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Impact of climate change on water in south Sudan

Impact of climate change on water in south Sudan

34. (a) Trenberth, K. E., P.D. Jones, P. Ambenje, R. Bojariu, D. Easterling, A. Klein Tank, D. Parker, F. Rahimzadeh, J.A. Renwick, M. ; Rusticucci, B. S., and P. Zhai, [Solomon, S., D. Qin, M. Manning, Z. Chen, M. Marquis, K.B. Averyt, M. Tignor, and H.L. Miller (eds.)]. , Observations: surface and atmospheric climate change. In: Climate Change 2007: The Physical Basis. Contribution of Working Group I to the Fourth Assessment Report of the Intergovernmental Panel on Climate Change. Cambridge University Press, Cambridge, UK, and New York, 2007:, pp. 235-335; (b) Steffen, K., P.U. 35. Clark, J.G. Cogley, D. Holland, S. Marshall, E. Rignot, and R. Thomas,, Rapid changes in glaciers and ice sheets and their impacts on sea level. In: Abrupt Climate Change. . 2008:. 36. Jansen, E., J. Overpeck, K.R. Briffa, J.-C. Duplessy, F. Joos, V. ; Masson-Delmotte, D. O., B. Otto-Bliesner, W.R. Peltier, S. Rahmstorf, R. Ramesh, D. Raynaud, D. Rind, O. Solomina, R. Villalba and D. Zhang, Palaeoclimate. [Solomon, S., D. Qin, M. Manning, Z. Chen, M. Marquis, K.B. Averyt, M. Tignor, and H.L. Miller (eds.)]. In: Climate Change 2007: The Physical Science Basis. Contribution of Working Group I to the Fourth Assessment Report of the Intergovernmental Panel on Climate Change Cambridge University Press, Cambridge, UK, and New York, 2007:, pp. 433-497.
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A review of downscaling methods for climate change impacts on water resources

A review of downscaling methods for climate change impacts on water resources

The climate change impacts at local scale are necessary and play fundamental role to downscaling the global data, by working through statistical and dynamical methods (Mearns et al., 1999 and Segui et al., 2010). Statistical downscaling model (SDSM) is the most popular and the most cited model among regression based statistical downscaling methods (Nasseri et al., 2013 and Khan et al., 2006). On the other hand, dynamic downscaling develops a regional climate model (RCM) with the course GCM data for use as boundary conditions. Wilby and Wigley (1997) stated that the major limitations or disadvantages of the dynamic modelling are that it is quite complicated as it require the computing resources, take longer simulation time, high operating cost and above all, require the downscaled data for individual sites or localities for impact studies. Statistical downscaling techniques are usually the more favourable and much easier techniques for the assessment of climate change impacts on water resources (Khan et al., 2006). However, the projections of future climate impacts should look at all aspects of uncertainty related to the GCM in determining the level of confidences.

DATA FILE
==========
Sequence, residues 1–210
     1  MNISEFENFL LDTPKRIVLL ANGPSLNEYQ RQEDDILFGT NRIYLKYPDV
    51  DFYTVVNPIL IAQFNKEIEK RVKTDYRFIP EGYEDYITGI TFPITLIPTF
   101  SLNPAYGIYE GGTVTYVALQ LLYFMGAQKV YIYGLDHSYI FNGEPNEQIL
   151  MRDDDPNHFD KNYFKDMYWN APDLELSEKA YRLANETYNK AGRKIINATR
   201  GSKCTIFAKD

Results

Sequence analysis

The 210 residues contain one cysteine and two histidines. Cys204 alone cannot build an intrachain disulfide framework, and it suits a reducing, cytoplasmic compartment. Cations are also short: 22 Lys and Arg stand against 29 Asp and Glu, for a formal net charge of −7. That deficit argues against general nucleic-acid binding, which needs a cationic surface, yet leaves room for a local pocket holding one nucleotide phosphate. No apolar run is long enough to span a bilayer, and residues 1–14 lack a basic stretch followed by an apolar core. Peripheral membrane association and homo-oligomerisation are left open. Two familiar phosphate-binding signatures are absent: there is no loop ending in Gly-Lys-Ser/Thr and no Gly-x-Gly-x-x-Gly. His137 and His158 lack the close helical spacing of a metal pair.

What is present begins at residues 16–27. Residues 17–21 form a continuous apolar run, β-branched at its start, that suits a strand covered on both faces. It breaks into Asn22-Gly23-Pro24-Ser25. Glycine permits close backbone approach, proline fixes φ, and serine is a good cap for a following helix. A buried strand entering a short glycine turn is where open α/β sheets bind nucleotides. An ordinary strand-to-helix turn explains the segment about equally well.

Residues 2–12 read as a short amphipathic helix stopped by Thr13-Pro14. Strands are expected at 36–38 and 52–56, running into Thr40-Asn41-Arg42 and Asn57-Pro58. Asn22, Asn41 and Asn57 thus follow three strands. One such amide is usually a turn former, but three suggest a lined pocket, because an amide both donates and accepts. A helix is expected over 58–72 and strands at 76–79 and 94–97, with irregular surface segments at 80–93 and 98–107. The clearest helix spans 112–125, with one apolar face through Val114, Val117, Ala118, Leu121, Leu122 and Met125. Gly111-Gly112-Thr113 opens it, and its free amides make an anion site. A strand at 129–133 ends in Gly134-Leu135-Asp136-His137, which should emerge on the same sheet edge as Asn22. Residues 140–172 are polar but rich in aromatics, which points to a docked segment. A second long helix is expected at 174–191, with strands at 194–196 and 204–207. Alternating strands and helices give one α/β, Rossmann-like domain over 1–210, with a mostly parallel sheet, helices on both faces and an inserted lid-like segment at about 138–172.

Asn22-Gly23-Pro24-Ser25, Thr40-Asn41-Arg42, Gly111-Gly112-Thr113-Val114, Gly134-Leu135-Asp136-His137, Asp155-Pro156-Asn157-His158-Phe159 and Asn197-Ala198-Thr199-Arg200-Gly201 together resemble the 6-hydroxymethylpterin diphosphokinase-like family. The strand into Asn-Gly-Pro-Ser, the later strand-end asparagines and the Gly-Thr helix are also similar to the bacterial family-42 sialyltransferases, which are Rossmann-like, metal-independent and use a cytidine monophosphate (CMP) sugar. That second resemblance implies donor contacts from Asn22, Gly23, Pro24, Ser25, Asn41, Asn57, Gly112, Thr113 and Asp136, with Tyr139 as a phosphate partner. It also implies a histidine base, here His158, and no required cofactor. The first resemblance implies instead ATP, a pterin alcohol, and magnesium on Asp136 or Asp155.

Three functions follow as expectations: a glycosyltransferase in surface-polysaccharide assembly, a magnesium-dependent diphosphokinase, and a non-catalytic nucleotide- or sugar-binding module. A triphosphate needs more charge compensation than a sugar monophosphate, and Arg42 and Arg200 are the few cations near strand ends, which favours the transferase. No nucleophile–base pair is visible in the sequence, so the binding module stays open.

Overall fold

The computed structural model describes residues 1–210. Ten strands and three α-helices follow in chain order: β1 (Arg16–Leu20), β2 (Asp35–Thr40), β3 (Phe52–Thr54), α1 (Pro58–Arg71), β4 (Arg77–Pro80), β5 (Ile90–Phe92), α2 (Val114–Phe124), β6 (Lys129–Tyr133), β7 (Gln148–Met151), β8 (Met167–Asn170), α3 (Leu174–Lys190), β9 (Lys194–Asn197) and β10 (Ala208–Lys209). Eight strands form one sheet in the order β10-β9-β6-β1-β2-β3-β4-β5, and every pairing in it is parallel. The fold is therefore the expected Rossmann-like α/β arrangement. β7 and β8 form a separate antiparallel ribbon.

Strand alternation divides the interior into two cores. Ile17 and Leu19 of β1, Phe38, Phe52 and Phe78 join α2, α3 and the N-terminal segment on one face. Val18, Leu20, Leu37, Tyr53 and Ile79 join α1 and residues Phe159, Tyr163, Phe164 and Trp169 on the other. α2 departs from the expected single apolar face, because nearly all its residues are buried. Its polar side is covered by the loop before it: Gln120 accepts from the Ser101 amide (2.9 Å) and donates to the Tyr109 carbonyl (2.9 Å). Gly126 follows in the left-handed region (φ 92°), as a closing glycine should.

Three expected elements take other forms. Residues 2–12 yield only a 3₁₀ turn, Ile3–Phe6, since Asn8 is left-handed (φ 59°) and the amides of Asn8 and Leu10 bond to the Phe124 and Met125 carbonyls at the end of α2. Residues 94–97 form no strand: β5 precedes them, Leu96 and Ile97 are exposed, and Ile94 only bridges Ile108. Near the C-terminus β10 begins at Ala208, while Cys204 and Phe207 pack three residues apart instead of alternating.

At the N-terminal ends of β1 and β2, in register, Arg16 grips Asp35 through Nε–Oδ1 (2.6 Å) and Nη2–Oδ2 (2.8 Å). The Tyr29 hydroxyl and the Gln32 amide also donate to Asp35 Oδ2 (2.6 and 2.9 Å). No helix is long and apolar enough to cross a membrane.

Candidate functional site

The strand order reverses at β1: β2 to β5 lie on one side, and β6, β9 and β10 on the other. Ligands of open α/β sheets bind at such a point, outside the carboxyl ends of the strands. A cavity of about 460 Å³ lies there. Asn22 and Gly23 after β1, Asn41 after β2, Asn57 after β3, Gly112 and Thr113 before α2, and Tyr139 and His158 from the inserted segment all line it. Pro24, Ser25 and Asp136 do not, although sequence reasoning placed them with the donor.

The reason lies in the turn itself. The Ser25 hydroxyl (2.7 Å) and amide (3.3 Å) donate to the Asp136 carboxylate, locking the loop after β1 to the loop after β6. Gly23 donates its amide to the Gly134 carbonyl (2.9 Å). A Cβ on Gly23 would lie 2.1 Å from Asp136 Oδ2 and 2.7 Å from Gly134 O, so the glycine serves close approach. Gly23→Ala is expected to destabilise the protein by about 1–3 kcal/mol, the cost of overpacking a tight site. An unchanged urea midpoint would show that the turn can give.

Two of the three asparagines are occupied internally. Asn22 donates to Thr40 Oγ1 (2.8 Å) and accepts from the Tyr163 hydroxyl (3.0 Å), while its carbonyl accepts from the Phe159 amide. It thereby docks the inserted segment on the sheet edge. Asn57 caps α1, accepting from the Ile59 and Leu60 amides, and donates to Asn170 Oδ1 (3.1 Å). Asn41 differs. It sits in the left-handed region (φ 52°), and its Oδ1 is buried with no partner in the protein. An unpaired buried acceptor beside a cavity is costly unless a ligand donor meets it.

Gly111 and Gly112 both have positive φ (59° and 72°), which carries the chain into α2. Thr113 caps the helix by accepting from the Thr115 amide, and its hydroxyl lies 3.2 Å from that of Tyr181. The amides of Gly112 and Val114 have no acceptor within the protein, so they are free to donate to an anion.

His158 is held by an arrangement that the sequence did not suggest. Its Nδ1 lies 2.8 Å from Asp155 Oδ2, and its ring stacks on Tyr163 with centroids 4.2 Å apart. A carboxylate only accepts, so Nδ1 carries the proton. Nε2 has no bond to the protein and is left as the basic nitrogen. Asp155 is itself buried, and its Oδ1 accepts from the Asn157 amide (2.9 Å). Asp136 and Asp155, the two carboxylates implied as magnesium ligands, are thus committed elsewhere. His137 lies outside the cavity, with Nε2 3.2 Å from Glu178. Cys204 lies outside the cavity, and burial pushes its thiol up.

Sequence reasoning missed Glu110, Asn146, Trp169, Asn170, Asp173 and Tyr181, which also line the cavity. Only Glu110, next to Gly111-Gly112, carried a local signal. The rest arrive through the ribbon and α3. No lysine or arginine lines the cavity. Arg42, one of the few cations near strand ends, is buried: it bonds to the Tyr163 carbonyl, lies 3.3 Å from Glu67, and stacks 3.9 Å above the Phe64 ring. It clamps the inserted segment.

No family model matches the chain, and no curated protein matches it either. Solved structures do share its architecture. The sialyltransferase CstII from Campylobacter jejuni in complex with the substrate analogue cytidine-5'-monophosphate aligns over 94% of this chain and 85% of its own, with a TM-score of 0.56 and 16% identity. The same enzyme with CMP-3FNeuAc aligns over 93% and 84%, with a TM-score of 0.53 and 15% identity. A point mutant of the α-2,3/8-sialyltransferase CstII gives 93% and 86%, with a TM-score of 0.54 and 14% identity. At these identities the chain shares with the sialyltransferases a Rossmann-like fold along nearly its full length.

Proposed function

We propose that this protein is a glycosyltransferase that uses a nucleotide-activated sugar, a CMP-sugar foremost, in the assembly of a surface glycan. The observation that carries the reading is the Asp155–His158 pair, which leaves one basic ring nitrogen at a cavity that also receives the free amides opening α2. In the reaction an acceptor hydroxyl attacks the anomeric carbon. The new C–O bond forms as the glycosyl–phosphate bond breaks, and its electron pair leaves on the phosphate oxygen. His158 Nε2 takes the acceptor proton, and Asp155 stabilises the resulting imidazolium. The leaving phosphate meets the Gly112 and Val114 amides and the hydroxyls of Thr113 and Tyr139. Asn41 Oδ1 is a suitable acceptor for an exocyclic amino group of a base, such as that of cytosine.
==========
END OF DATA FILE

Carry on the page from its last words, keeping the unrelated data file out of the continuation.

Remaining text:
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Climate Change and California Water Resources: A Survey and Summary of the Literature

Climate Change and California Water Resources: A Survey and Summary of the Literature

Groundwater withdrawals in California in the mid-1990s are estimated to be around 14.5 million acre-feet, nearly 20 percent of all the groundwater withdrawn in the entire United States. (In typical years, groundwater accounts for around 30 percent of all urban and agricultural water use in the state ( http://www.waterplan.water.ca.gov/groundwater/DraftUpdate/Chapter1.pdf ). In some areas current levels of groundwater use are already unsustainable, with pumping rates exceeding natural recharge. Groundwater overdrafts in California in the drier years of the 1990s averaged nearly 1.5 million acre-feet per year (California Department of Water Resources 1998). Little work has been done on the impacts of climate changes for specific groundwater basins, or for general groundwater recharge characteristics or water quality. Changes in recharge will result from changes in effective rainfall as well as a change in the timing of the recharge season. Increased winter rainfall, expected for some mid-continental, mid-latitude regions could lead to increased groundwater recharge. Higher temperatures could increase the period of infiltration where soils freeze. Higher evaporation or shorter rainfall seasons, on the other hand, could mean that soil deficits persist for longer periods of time, shortening recharge seasons (Leonard et al. 1999). A significant portion of winter recharge comes from deep percolation of precipitation below the rooting zone, whether of native vegetation or farmland. Warmer winter temperatures between storms would be expected to increase ET, thereby drying out the soil between storms. A greater amount of rain in subsequent storms would then be required to wet the root zone and provide water for deep percolation.
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The Impact of Climate Change on Agriculture and Health Sectors in Tanzania: A review

The Impact of Climate Change on Agriculture and Health Sectors in Tanzania: A review